Posted by: ctbtonewsroom | July 9, 2018

The Importance of Creating Gender-Equitable Space in the Field of Nuclear Policy

In this article by Sylvia Mishra, a CTBTO Youth Group member and a Herbert Scoville Jr. Fellow working with NTI’s Global Nuclear Policy Programme, talks about the significance of creating gender equality in the fields of nuclear policy, non-proliferation, disarmament and other related topics.

“In January 2018, the UN achieved a major milestone when it became clear that 23 out of the 44 most senior positions, excluding the UN Secretary General, were held by women.”

Even though this gender balance in senior positions at the UN is of significance for organizations working on global parity, it’s also relevant to mention that, for instance, at the Nuclear Non-proliferation Treaty (NTP) Review Conference in 2015, the 73.5% of registered diplomats were men and just 26.5% were women.

It is also important to note that does not suffice to increase the number of women’s voices on nuclear policy matters, but also to empower those voices. As Ambassador Susan Burk recently noted, “One of the biggest challenges women face working on hard security issues has been building a reputation as a serious and credible expert and strategic thinker on issues that historically have been the purview of men.”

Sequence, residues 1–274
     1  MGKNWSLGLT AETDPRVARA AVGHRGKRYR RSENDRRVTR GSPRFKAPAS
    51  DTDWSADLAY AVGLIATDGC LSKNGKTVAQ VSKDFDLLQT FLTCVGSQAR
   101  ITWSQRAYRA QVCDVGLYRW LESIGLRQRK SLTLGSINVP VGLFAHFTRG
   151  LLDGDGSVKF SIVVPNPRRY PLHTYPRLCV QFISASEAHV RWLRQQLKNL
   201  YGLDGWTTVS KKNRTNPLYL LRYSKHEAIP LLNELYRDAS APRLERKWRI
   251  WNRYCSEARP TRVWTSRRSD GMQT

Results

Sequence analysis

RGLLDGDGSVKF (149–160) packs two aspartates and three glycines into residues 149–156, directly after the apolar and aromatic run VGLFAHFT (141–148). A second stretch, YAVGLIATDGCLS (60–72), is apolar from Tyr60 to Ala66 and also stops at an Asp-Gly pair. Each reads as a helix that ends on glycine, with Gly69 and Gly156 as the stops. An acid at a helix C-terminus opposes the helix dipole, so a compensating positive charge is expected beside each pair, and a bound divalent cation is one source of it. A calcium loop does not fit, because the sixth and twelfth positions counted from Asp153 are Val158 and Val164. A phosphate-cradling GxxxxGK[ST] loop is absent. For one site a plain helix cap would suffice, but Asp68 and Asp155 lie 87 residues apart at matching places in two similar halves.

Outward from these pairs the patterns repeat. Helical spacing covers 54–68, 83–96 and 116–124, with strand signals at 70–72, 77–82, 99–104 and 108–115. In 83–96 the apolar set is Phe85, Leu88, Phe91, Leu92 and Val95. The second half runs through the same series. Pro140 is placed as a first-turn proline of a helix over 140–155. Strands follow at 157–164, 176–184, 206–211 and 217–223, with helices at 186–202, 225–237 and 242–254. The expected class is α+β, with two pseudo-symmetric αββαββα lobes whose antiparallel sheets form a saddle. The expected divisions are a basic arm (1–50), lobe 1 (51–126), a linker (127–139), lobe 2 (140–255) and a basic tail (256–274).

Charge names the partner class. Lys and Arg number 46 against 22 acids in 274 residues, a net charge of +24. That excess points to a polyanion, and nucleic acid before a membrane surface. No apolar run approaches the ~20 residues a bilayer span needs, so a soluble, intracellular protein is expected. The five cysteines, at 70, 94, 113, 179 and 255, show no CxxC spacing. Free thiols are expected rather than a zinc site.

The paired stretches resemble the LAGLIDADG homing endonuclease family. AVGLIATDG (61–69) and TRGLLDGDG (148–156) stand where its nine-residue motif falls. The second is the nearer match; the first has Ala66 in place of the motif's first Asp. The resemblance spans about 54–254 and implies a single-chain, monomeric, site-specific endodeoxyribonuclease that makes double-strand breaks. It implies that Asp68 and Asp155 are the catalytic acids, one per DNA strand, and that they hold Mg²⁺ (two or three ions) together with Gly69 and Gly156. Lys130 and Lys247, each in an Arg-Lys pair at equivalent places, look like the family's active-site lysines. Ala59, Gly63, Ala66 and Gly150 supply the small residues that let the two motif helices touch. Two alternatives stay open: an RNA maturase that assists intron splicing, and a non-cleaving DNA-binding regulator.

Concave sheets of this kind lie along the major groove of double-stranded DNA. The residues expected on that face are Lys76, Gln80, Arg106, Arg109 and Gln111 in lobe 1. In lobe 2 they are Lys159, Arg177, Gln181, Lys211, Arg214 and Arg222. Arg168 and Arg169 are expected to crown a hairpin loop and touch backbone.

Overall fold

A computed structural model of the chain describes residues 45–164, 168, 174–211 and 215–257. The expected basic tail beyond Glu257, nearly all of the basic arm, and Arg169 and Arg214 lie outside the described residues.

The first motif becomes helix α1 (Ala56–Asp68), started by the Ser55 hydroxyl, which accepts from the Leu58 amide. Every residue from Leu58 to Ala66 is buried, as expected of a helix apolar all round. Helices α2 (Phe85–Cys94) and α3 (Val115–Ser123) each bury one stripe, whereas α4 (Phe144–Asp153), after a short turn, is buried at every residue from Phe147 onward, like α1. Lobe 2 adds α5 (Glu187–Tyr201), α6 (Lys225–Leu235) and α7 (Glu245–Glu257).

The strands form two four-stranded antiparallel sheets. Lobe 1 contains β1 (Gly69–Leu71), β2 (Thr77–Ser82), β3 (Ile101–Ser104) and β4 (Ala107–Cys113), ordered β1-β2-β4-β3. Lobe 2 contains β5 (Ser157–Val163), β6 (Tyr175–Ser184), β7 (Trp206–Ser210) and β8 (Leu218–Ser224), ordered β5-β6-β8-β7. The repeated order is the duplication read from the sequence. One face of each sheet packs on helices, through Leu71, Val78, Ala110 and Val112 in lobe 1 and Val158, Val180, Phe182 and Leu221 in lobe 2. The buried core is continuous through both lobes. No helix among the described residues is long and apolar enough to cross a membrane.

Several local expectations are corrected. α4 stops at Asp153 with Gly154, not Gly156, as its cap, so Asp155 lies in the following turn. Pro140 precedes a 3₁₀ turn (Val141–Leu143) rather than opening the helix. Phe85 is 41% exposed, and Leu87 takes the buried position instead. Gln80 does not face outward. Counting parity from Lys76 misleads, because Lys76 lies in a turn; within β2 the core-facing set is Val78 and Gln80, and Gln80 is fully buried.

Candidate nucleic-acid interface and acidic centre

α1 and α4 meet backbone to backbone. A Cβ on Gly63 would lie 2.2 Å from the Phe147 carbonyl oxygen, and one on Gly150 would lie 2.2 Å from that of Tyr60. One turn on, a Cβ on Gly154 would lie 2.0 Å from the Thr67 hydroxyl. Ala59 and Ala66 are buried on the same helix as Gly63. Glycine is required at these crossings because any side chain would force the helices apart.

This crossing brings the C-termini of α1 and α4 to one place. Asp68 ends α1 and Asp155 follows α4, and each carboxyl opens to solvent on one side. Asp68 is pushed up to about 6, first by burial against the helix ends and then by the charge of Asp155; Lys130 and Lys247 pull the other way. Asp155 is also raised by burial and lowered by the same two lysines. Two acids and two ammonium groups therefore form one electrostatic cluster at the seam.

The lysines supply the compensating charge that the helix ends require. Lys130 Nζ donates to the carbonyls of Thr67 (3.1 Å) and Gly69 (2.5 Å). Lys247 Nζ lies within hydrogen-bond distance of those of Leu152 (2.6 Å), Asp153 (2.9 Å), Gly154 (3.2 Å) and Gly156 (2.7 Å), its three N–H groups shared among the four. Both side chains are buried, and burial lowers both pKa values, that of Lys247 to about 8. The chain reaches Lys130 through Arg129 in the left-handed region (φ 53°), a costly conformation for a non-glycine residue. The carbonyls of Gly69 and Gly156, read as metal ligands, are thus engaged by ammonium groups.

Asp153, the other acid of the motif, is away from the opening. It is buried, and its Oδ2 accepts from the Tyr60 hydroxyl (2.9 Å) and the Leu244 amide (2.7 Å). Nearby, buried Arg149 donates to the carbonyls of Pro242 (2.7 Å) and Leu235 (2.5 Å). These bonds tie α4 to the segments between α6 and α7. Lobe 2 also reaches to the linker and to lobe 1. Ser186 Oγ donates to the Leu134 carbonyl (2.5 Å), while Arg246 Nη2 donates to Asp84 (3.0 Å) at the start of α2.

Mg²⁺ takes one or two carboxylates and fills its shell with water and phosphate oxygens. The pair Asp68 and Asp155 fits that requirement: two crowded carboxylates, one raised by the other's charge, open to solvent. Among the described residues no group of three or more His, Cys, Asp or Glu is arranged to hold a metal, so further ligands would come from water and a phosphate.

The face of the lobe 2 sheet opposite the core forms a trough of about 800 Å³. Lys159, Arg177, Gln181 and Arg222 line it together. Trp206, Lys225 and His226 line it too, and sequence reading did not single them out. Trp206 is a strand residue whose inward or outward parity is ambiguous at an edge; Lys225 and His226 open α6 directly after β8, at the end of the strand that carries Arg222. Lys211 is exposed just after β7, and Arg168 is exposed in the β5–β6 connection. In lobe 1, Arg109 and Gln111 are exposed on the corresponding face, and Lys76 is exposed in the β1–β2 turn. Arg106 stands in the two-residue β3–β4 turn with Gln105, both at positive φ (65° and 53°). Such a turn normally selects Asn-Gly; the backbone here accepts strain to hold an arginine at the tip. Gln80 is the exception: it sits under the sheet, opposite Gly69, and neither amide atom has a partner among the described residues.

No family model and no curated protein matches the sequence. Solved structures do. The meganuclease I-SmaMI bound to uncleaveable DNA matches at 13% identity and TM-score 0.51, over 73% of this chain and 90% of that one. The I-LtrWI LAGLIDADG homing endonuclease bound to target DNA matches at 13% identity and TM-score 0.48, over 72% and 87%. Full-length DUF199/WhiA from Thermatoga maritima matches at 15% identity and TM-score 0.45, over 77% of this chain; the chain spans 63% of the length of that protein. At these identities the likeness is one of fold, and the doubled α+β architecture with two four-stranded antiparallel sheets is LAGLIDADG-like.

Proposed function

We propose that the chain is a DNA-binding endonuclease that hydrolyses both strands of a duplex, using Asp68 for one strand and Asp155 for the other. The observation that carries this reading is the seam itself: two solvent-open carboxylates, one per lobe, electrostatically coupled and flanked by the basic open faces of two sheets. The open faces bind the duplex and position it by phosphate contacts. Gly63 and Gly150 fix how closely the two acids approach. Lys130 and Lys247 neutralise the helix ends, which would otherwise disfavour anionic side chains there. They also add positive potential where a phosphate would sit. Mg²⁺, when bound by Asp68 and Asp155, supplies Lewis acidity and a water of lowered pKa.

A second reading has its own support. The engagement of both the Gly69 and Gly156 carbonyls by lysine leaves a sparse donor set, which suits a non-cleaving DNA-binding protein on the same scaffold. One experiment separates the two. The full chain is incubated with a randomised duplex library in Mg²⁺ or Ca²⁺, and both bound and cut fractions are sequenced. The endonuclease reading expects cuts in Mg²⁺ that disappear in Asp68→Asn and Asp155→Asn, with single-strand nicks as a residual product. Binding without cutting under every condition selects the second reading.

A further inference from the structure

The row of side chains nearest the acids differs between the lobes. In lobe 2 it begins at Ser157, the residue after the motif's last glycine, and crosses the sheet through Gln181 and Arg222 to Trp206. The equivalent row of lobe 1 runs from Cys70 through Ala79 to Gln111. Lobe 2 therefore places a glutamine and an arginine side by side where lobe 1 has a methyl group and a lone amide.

Sylvia Misrha also suggests in her article that one of the best ways to address this issue is to promote women into leadership positions, and also to make sure that the next generation is fully equipped to understand complex nuclear issues.
“As someone who has worked in India and the United States, I have come to realize that there are entrenched gender biases in almost all societies. However, I believe there is a growing recognition that in 2018, there is no place for orthodox views on ‘masculinity and strength’ in arms control” Mishra comments at the end of her article.

Read the full article here.

 

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